Canadian bank shares could see a ‘significant price correction’ in 2019, analyst warns

Canadian bank shares could see a ‘significant price correction’ in 2019, analyst warns

Jeff Lagerquist Yahoo Finance Canada March 12, 2019

Shares of Canada’s Big Six banks could be heading for a “significant price correction” in 2019 and 2020 as rising credit losses and slowing economic growth weigh on the largest lenders, according to Veritas Investment Research.

Financial services analyst Nigel D’Souza examined the sector’s performance over 30 years, and found being overweight the banks was a winning strategy about nine-out-of-10 years per decade. Underperforming years had one obvious thing common he said, elevated or rising credit losses.

“The debt-service ratio for households this year, we expect to match or exceed the peak debt-service ratio for 2008. Mortgage interest costs are going up at the fastest rate since 2008 as well,” D’Souza told Yahoo Finance Canada. “Historically, if the debt-servicing ratio, the total amount of principal interest payments by household relative to income is going up, then typically credit losses for the Big Six banks also go up.”

D’Souza said he expected 2019-2020 would be a bad year for the banks before signs of broad-based economic weakness emerged. The slow-growth environment reinforced his recent decision to downgrade five out of six big Canadian banks to a “sell” rating.

The S&P/TSX Capped Financial Index has climbed over 11 per cent year-to-date.

However, the risk of deteriorating credit quality is rearing its head. Toronto-Dominion Bank (TD.TO) and Canadian Imperial Bank of Commerce (CM.TO) acknowledged that in their fiscal first-quarters. Both set aside the highest level of funds to brace against soured loans in at least two years.

D’Souza said while today’s debt-servicing metrics align more closely with the decline in 2008, when consumer loans led credit delinquencies, he expects the impact on bank shares will be more similar to 2015-2016, when the banks’ corporate lending divisions were exposed to plunging commodity prices.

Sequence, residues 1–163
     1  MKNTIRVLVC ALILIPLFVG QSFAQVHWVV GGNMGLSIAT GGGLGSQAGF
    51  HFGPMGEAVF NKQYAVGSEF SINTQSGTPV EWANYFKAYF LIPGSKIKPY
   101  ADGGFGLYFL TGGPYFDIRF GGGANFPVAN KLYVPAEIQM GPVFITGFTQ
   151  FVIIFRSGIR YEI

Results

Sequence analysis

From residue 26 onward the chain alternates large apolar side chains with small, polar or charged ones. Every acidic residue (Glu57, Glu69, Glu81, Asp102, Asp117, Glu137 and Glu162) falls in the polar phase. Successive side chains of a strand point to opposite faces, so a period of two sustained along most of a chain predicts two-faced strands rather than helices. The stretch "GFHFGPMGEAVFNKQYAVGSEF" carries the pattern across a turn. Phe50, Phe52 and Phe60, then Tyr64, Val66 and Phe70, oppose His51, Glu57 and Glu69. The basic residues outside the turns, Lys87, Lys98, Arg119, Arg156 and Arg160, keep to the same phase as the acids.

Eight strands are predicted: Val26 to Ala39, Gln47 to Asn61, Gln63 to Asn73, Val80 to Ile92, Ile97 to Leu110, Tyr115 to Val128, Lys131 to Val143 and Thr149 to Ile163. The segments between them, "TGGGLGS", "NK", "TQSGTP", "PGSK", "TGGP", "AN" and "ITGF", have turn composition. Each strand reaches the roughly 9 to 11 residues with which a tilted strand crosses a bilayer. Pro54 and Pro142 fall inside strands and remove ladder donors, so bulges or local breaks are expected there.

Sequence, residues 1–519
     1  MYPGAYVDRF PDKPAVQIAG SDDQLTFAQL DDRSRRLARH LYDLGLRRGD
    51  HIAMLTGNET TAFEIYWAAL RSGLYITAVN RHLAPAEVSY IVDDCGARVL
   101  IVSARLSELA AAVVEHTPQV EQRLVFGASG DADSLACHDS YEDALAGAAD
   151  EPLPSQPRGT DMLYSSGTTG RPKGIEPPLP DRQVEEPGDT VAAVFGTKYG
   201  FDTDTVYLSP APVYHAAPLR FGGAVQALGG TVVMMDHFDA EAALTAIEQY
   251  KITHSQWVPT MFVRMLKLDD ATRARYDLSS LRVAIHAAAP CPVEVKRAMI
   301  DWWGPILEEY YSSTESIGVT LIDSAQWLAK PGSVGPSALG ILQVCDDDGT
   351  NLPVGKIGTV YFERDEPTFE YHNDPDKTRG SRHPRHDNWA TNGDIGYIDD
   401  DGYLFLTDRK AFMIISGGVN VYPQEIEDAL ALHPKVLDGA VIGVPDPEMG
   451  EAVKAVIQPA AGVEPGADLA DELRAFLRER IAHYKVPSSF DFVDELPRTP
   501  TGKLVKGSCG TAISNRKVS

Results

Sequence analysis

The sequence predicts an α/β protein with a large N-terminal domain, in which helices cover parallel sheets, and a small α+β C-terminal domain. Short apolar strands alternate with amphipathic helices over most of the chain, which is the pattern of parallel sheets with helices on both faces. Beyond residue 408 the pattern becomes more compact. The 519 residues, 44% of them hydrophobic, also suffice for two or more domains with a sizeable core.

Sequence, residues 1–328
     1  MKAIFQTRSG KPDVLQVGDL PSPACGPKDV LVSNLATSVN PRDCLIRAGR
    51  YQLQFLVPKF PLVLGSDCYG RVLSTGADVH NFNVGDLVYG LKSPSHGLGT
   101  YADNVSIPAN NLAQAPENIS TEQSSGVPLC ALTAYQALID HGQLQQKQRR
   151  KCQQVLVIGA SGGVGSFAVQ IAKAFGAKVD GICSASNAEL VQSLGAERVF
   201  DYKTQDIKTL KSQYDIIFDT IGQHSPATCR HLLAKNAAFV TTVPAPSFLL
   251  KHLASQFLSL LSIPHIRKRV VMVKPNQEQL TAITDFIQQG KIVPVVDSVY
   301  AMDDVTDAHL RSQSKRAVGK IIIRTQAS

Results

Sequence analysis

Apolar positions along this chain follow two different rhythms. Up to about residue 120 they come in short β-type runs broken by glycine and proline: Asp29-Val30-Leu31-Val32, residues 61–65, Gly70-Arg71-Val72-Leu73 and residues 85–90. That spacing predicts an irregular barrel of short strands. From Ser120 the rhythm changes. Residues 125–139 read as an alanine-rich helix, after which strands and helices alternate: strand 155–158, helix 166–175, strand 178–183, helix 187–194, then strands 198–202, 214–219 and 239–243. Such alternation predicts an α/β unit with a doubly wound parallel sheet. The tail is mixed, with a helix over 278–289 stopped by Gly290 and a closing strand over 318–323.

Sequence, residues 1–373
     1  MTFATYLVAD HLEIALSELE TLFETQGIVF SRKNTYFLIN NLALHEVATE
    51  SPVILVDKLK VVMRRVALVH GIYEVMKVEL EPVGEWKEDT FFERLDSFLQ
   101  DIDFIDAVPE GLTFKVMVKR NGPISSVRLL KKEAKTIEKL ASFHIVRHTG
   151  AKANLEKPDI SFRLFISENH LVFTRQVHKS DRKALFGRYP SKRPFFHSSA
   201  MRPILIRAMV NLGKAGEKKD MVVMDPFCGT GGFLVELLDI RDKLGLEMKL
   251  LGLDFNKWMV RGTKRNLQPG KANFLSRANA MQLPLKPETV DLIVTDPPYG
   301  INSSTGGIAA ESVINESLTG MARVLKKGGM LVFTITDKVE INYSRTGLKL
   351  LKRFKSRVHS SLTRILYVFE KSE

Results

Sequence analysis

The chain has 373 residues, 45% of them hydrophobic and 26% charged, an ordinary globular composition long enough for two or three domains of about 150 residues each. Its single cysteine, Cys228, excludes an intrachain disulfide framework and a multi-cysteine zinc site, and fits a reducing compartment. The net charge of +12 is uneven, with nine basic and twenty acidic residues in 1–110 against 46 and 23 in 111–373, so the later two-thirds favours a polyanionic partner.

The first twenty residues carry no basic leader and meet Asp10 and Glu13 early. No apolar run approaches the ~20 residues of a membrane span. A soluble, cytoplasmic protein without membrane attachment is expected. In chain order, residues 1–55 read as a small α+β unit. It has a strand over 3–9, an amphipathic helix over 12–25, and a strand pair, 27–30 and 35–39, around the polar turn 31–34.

“If there are credit risk concerns, and it is coupled with slow economic growth, that is what happened in 2015-2016, and the multiple for the sector contracted by 30 per cent. The bank space itself could face a significant contraction,” D’Souza said. “We expect it to contract meaningfully over the next 12 months. It should lead to underperformance of the banks relative to other markets.”

The Bank of Montreal (BMO.TO) is the only major Canadian lender to get a “buy” rating from D’Souza, due to its commercial lending focus in Canada, robust U.S. commercial operations, and potential for improved efficiency. He said CIBC is most exposed to the risks he outlined.

D’Souza isn’t the only one betting against Canada’s big banks. U.S. hedge fund Crescat Capital’s global macro analyst Tavi Costa told Bloomberg News in January that, “Canadian banks will be left holding the bag and the ones to suffer from what is likely to be a major economic recession” as the housing market buckles.

Data from S3 Partners, a New York-based financial technology and analytics firm, shows short sellers have increased their positions by almost US$2 billion, or 19 per cent, in 2019.

The largest amount of net short selling in 2019 occurred in Bank of Nova Scotia, with five million shares shorted ($271 million), S3 Partners said. Followed by CIBC, with 4.3 million shares ($361 million) and Bank of Montreal, with 883 thousand shares ($68 million).

Those bets have yet to pay off. That could change, according to S3 Partners’ Ihor Dusaniwsky.

“If we continue to see downward volatility in the Canadian housing market, we should continue to see increased short selling and price weakness in the Canadian banking sector,”  he wrote in a research note last Friday.

He also cited weak fourth-quarter GDP growth, and declining household consumption gains among the factors motivating short sellers.

D’Souza said the hedge funds behind the so-called “Great Canadian Short” have been singing the same tune since the 2008 recession.

“Our thesis is different because it’s about a specific mechanism and specific timing of that mechanism,” he said. “I don’t think the U.S. hedge funds fully understand the difference between our regulatory system, our banking and even consumer behaviour in Canada versus the U.S.”